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Article

Heavy Metals and Trace Elements in Human Breast Milk from Industrial/Mining and Agricultural Zones of Southeastern Spain

1
Department of Toxicology, Regional Campus of International Excellence “Campus Mare Nostrum”, Faculty of Veterinary, Campus of Espinardo, University of Murcia, 30100 Murcia, Spain
2
Department of Legal and Forensic Medicine, Biomedical Research Institute (IMIB), Regional Campus of International Excellence “Campus Mare Nostrum”, Faculty of Medicine, University of Murcia, 30100 Murcia, Spain
3
Department of Agricultural Chemistry, Regional Campus of International Excellence “Campus Mare Nostrum”, Faculty of Chemistry, Campus of Espinardo, University of Murcia, 30100 Murcia, Spain
*
Author to whom correspondence should be addressed.
Academic Editor: Paul B. Tchounwou
Int. J. Environ. Res. Public Health 2021, 18(17), 9289; https://doi.org/10.3390/ijerph18179289
Received: 22 July 2021 / Revised: 24 August 2021 / Accepted: 30 August 2021 / Published: 2 September 2021
(This article belongs to the Special Issue New Threads in Environmental Toxicology)
Human breast milk is the most complete foodstuff for infants but can also be a potential source of exposure to toxic chemicals. The aim of this study was to assess the levels of metal pollution in the breast milk of women living in agricultural and industrial/mining areas of the Region of Murcia (Spain) that are well known for their cases of environmental pollution. Human milk samples were collected from 50 mothers and inorganic contaminants were analyzed using inductively coupled plasma mass spectrometry (ICP-MS). The mean or maximum concentrations of the different inorganic elements analyzed in breast milk, with the exception of manganese, exceeded the maximum limits established by the WHO and could constitute a high risk for pregnant mothers and their children. The breast milk of women living in the industrial/mining zone presented the highest levels of aluminum, zinc, arsenic, lead, mercury and nickel. On the contrary, the highest concentrations of manganese, chromium and iron were determined in the milk of women living in the agricultural zone. These results suggested and confirmed different profiles of environmental contamination of these areas. View Full-Text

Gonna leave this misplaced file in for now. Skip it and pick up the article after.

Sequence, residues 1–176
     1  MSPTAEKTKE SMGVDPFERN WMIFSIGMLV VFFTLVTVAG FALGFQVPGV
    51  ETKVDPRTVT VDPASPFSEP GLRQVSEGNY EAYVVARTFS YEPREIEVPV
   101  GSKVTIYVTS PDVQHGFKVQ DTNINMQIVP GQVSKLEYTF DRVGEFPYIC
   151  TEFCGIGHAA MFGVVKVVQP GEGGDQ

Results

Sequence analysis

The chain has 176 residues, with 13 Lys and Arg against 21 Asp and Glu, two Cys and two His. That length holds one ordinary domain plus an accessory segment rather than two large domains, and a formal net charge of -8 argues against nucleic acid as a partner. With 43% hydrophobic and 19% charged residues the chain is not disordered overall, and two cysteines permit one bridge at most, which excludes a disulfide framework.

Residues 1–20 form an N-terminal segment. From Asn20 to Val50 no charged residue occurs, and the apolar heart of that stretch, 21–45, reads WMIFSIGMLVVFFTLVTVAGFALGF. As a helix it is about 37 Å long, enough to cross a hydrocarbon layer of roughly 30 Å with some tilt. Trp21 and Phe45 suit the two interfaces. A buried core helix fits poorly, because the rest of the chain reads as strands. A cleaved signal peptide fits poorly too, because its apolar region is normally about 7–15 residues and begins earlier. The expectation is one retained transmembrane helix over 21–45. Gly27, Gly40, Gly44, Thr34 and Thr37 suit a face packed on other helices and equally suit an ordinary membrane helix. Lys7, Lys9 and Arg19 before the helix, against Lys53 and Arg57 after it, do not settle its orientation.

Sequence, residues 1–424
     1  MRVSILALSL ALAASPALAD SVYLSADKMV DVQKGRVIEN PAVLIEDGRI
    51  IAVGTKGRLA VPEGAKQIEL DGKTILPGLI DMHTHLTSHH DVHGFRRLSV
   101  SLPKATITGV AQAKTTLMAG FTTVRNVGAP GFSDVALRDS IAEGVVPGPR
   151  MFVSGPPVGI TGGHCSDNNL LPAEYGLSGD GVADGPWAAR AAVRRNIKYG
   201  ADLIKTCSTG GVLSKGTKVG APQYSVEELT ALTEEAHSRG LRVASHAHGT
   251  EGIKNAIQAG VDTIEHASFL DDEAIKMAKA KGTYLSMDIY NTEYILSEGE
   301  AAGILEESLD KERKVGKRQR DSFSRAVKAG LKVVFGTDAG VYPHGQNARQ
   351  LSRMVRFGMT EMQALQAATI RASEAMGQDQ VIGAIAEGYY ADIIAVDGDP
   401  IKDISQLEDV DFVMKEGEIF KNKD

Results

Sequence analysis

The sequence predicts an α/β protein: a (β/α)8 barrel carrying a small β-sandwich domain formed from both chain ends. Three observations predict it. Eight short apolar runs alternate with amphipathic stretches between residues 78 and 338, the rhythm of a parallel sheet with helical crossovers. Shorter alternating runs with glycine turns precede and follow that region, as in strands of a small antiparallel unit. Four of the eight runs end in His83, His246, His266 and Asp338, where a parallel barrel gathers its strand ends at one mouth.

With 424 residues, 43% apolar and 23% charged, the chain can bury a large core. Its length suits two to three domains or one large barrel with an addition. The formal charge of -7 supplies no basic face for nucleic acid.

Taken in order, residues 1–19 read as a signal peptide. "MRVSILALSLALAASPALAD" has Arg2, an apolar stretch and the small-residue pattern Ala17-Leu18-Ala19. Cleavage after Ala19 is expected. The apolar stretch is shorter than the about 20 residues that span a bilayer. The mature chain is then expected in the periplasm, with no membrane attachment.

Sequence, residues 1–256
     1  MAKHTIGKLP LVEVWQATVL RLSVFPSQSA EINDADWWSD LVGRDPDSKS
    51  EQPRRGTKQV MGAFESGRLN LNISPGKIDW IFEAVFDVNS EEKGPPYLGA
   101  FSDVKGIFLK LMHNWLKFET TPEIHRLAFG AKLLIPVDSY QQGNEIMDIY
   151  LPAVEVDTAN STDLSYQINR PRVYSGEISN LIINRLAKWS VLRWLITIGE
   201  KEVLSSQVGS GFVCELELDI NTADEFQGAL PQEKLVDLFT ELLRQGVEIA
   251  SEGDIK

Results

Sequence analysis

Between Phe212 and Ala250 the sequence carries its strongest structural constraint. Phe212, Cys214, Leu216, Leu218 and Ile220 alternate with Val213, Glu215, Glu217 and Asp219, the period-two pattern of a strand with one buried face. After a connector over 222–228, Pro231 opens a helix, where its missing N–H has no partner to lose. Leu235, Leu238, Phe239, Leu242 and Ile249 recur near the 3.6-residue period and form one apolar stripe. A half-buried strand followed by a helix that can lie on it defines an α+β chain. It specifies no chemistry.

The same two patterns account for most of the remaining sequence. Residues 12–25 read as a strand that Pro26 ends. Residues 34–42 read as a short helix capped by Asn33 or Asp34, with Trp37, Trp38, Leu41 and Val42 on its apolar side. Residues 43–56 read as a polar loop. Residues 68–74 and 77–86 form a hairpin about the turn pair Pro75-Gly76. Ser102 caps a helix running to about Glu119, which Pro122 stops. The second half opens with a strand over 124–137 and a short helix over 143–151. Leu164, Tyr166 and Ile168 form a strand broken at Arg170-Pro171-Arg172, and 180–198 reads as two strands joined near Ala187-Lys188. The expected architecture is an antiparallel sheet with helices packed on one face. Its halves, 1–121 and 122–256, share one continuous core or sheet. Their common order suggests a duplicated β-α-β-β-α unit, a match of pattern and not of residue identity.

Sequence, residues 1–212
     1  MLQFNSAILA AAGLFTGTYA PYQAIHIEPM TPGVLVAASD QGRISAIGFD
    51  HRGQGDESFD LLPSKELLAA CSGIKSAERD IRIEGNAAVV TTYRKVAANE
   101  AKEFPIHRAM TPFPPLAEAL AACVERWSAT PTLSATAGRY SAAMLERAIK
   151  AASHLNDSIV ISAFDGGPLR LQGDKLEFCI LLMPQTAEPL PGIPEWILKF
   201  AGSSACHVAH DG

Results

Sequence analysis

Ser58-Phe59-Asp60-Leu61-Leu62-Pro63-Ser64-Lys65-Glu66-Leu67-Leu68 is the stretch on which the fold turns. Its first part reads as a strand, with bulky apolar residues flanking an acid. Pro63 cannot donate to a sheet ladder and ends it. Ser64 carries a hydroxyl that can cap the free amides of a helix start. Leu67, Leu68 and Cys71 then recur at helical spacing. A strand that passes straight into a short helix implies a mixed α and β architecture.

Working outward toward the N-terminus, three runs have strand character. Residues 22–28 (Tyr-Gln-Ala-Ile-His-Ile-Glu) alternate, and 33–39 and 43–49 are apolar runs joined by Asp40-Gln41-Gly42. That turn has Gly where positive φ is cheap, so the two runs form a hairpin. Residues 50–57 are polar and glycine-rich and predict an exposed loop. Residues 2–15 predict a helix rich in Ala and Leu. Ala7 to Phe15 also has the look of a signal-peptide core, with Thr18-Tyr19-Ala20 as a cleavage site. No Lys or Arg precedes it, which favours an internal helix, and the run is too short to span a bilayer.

Keywords: human breast milk; inorganic compounds; heavy metals; trace elements; environmental pollution human breast milk; inorganic compounds; heavy metals; trace elements; environmental pollution
MDPI and ACS Style

Motas, M.; Jiménez, S.; Oliva, J.; Cámara, M.Á.; Pérez-Cárceles, M.D. Heavy Metals and Trace Elements in Human Breast Milk from Industrial/Mining and Agricultural Zones of Southeastern Spain. Int. J. Environ. Res. Public Health 2021, 18, 9289. https://doi.org/10.3390/ijerph18179289

AMA Style

Motas M, Jiménez S, Oliva J, Cámara MÁ, Pérez-Cárceles MD. Heavy Metals and Trace Elements in Human Breast Milk from Industrial/Mining and Agricultural Zones of Southeastern Spain. International Journal of Environmental Research and Public Health. 2021; 18(17):9289. https://doi.org/10.3390/ijerph18179289

Chicago/Turabian Style

Motas, Miguel, Sandra Jiménez, José Oliva, Miguel Á. Cámara, and María D. Pérez-Cárceles. 2021. "Heavy Metals and Trace Elements in Human Breast Milk from Industrial/Mining and Agricultural Zones of Southeastern Spain" International Journal of Environmental Research and Public Health 18, no. 17: 9289. https://doi.org/10.3390/ijerph18179289

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